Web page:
I am clay, and you, Lord, the potter. Make of me what you will. (John of Avila)
PASTORAL LETTER TO BE READ IN ALL THE PARISHES OF THE CATHOLIC APOSTOLIC CHURCH IN NORTH AMERICA ON THE FEAST OF PENTECOST IN THE 2009TH YEAR SINCE THE INCARNATION
Wherefore, if Holy Scripture proclaims that God is love, and that love is of God, and works this in us that we abide in God and He in us, and that hereby we know this, because He has given us of His Spirit, then the Spirit Himself is God, who is love.
Peace! Dear Brothers and Sisters,
On Pentecost we celebrate the coming of the Holy Spirit with her seven-fold gifts of wisdom, understanding, counsel, fortitude (or courage), knowledge, piety, and fear of the Lord. These gifts come to us with an invitation to prayerfully continue the discernment process we began at this year’s General Assembly. The gifts come to us with an invitation to life and challenges us, like the members of the early Church, to say yes to all God has in store for us. This Spirit of God comes to us with the surging power of love, which has the power to disorient us and shake us out of our complacency.
St Augustine reminds us that it is this unceasing love at the heart of the Trinity that descends on us at Pentecost and imbues us with this same love which unites the Trinity, and has the power to unite us a Church in our witness to the world of this ancient message of God’s all inclusive love.
At our recent General Assembly the Holy Spirit moved us to renew our commitment to proclaim to the whole world that God’s love is non-discriminatory, that we of CACINA are inspired by the Holy Spirit, in this time and place, to proclaim a message of peace and welcome home to people who are searching for an authentic Catholic expression of faith.
We are moved by the Holy Spirit at this Pentecost, with faith and courage, with understanding and piety, with counsel and knowledge, and with wisdom and fear of the Lord to go out to the whole world with this message of God’s powerful and disorienting love.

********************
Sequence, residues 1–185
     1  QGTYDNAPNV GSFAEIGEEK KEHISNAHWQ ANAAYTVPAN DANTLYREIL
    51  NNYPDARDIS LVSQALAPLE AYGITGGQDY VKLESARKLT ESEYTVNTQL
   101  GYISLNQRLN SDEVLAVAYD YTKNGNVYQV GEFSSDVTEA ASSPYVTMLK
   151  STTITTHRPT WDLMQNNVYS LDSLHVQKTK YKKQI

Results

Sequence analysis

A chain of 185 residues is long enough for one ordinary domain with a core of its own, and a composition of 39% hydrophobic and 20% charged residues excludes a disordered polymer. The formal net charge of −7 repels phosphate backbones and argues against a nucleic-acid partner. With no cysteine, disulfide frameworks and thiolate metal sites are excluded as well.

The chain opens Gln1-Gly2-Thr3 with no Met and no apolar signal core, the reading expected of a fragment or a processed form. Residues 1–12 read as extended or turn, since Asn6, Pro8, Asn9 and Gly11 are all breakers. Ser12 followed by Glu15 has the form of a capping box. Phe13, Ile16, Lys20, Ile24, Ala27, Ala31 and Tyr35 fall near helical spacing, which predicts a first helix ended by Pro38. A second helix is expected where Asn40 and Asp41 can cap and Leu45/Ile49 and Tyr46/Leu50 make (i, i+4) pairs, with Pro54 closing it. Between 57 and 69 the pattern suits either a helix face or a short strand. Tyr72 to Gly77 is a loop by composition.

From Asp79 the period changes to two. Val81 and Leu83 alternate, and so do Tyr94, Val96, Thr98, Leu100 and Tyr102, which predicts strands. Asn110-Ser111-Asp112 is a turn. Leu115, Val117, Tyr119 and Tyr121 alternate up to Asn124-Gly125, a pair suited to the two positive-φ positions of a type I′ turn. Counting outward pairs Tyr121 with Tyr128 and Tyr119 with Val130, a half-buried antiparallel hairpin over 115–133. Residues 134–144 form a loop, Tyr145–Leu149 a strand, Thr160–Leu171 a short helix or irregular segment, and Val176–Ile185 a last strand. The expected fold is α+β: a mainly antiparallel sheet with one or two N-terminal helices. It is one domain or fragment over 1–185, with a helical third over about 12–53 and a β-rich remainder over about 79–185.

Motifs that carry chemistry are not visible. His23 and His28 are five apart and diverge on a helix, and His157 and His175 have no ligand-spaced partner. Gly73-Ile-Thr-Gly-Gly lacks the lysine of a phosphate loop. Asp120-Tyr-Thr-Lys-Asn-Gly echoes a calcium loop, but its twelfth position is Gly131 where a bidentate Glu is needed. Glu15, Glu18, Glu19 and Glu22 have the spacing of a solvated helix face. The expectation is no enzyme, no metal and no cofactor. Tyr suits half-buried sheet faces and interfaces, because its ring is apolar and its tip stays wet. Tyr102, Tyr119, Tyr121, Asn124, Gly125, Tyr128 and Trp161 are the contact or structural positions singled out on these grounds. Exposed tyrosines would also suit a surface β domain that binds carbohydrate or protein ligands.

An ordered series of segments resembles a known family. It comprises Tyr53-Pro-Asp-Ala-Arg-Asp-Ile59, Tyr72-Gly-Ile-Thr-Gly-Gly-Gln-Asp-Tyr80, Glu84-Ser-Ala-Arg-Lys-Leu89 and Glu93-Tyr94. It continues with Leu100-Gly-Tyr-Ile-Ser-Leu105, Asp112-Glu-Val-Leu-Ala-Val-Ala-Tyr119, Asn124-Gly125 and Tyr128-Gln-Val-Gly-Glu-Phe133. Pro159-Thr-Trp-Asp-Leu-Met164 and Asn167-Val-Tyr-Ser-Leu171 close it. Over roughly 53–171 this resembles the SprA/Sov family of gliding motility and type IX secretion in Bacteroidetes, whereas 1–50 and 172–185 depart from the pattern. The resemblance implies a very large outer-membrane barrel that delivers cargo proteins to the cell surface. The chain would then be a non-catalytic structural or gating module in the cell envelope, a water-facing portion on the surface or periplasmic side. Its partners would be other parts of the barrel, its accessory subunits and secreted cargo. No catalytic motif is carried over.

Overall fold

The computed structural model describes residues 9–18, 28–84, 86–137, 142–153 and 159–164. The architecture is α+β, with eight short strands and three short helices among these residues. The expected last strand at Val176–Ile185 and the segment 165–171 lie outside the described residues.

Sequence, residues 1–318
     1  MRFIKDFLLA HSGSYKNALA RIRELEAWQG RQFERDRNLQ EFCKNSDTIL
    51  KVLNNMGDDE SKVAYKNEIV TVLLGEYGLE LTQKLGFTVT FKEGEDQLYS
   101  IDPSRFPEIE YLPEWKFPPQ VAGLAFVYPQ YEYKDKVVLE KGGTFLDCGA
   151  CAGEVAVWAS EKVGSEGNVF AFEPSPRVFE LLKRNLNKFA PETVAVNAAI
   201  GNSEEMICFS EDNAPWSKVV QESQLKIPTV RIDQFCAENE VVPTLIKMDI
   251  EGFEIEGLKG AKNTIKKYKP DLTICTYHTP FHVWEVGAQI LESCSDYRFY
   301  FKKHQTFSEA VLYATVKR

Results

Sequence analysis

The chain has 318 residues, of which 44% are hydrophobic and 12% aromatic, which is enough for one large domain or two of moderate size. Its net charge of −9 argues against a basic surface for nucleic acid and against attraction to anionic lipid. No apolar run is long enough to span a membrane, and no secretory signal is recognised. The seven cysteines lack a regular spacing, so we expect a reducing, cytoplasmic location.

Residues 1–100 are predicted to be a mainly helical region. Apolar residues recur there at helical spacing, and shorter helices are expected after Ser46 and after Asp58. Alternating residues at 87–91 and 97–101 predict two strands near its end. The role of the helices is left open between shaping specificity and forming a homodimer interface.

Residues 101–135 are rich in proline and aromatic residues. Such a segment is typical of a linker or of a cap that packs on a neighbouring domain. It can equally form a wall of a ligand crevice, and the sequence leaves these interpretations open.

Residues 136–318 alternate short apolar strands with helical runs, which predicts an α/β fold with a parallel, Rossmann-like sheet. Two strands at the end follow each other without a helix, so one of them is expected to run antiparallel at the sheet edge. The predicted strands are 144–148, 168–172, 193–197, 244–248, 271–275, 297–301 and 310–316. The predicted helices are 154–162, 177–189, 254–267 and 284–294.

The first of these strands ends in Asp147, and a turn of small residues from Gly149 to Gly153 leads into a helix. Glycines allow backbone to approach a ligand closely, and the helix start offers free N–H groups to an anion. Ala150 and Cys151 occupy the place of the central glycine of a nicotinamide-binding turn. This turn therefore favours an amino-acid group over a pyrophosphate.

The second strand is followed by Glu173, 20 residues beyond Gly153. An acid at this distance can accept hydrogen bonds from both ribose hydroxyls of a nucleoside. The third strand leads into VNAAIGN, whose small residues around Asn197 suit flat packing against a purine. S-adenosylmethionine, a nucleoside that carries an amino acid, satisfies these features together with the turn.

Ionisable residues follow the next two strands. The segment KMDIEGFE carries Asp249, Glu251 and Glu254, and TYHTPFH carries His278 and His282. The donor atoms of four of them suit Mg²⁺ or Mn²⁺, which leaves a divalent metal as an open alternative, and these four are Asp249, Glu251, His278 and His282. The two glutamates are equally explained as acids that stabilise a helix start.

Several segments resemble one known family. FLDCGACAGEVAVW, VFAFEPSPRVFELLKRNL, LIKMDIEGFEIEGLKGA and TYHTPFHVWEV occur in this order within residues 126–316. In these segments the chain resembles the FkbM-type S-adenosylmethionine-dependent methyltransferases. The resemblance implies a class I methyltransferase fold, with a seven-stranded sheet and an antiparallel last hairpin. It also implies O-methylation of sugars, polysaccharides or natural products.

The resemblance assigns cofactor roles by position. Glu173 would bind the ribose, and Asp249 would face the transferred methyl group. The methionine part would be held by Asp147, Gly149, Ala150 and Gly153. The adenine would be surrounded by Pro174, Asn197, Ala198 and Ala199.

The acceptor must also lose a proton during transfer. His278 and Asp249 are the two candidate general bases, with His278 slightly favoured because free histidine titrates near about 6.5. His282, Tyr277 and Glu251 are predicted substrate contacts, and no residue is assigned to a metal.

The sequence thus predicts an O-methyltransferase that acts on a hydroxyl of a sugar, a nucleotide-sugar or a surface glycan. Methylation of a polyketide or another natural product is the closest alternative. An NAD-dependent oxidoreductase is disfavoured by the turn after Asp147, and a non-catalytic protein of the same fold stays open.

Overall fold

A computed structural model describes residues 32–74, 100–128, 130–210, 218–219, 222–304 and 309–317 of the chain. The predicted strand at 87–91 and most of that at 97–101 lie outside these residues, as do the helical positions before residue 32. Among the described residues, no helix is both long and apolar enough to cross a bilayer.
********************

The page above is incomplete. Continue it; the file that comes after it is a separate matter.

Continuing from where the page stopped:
At this Pentecost, we of CACINA are:
• inspired to strive to be a holy people and to bring his holiness to fruition in our individual lives and our parish communities;
• called to receive this grace and to share it with all whom we meet;
• challenged, like Peter and John, to proclaim the healing power of the name of Jesus (Acts 3:6), to say to the disinvested, come home, and to the oppressed that there is liberation in CACINA’s expression of our theology; and most importantly,
• commissioned to be living witnesses to the power of God’s love moving in our Church and our lives.
At this Pentecost let us renew or covenant to each other, to our Mission, and to our Church. Let us hold the world and each other in our prayers and ask for the grace of the seven-fold gifts to truly live our anthem: “All are welcome, All are welcome, in this place.”
Given Under Our Seal and Signature
On the Feast of Pentecost, Anno Domini 2009
The College of Bishops of the Catholic Apostolic Church in America.
Gospel reading of the day:
After Jesus had revealed himself to his disciples and eaten breakfast with them, he said to Simon Peter, “Simon, son of John, do you love me more than these?” Simon Peter answered him, “Yes, Lord, you know that I love you.” Jesus said to him, “Feed my lambs.” He then said to Simon Peter a second time, “Simon, son of John, do you love me?” Simon Peter answered him, “Yes, Lord, you know that I love you.” He said to him, “Tend my sheep.”